The media should have more respect

Katelyn Eddington

This week the world stood still as NBA legend Kobe Bryant, his 13-year-old daughter Gianna and seven of their friends died in a helicopter crash. 

Bryant wore the numbers 8 and 24 during his 20-season run in the NBA, all 20 seasons playing for the Los Angeles Lakers. 

Gianna was going to follow in her father’s footsteps by wanting to play at UCONN and then the WNBA. 

I cannot begin to imagine what it must be like for Kobe’s wife and Gianna’s mother, Vanessa, along with the three girls and sisters they leave behind. 

I especially can’t fathom finding out the way Vanessa did. 

For those who do not know, this breaks me as a sports fan, as an older sister to a 13-year-old and as a journalist. 

As an older sister, my heart breaks for Gianna’s oldest sister. 

As an older sister, I understand that it is our job to protect them, especially when you are close like them. 

However, as a journalist, this breaks me because Vanessa found out through TMZ.

TMZ broke a code, a code of ethics. 

It is a journalist’s job to wait until the family is notified of a death first. 

During its press conference about the helicopter accident, LAPD confirmed the victim’s families found out by TMZ. 

TMZ is not a reliable source for news unless it involves a celebrity dying. 

It makes me wonder two things: How did TMZ know about these deaths before anyone else? And why do they feel the urgency to report before the family knows?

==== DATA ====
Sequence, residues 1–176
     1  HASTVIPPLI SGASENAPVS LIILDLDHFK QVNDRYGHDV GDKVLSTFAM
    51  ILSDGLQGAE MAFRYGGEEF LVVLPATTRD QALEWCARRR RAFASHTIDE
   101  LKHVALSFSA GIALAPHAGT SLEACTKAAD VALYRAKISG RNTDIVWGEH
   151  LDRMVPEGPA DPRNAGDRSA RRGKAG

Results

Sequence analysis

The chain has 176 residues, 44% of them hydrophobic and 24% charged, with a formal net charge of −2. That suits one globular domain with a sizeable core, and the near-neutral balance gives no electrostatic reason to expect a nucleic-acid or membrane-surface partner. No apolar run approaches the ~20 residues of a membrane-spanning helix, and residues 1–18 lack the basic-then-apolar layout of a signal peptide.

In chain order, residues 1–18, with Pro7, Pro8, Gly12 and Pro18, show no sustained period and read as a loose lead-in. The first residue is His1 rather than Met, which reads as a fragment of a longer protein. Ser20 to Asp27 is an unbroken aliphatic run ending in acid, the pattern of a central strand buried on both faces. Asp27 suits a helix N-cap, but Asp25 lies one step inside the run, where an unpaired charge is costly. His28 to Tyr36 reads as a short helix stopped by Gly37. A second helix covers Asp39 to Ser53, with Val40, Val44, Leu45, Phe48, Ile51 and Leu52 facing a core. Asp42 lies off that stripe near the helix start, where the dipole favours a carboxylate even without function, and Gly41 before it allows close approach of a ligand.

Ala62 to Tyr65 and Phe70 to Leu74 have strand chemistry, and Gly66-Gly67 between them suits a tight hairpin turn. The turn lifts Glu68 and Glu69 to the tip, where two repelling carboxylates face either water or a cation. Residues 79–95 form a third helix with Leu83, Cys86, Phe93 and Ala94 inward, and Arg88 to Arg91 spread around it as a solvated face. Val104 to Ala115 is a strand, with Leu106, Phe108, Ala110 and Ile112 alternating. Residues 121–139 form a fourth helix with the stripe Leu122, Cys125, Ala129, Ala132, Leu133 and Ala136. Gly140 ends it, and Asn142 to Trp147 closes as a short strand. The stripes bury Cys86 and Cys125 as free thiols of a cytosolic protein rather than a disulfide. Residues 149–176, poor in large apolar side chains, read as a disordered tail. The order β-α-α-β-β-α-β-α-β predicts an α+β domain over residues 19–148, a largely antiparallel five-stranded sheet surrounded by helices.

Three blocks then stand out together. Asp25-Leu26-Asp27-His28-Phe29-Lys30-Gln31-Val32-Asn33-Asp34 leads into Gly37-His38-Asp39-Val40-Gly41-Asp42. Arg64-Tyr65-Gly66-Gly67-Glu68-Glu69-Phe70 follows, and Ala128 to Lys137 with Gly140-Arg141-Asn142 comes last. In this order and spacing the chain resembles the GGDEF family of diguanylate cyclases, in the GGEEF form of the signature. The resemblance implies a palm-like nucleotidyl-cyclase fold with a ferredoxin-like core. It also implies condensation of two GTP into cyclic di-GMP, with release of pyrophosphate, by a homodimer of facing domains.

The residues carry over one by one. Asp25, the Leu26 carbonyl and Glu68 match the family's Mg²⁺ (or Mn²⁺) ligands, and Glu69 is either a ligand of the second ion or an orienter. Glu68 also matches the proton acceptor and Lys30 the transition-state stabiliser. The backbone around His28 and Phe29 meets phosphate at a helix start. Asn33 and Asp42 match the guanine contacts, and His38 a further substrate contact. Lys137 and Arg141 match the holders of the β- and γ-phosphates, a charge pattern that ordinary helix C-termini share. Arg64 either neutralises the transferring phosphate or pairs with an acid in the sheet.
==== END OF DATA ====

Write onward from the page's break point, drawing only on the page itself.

TMZ should have waited; journalists should wait for the true facts from a press conference and/or release before publishing. 

TMZ and its reporters are what gives journalism and the media a bad reputation. 

However, just realize before you criticize all journalists or media outlets that one outlet’s mistake does not mean all journalists and news services are the same. 

So just because you have the story first does not mean you should publish it, and you need to fact check everything before broadcasting it.

For Kobe, Gianna and the other lives lost, TMZ reporters and journalists across the U.S. should have done better and waited to post the news until they found out first by the LAPD.

For that, I am sorry that media outlets and journalists, specifically TMZ, let not only all of your beautiful souls down, but your families as well. 

Katelyn Eddington is a senior journalism major. She can be reached at 581-2812 or at [email protected].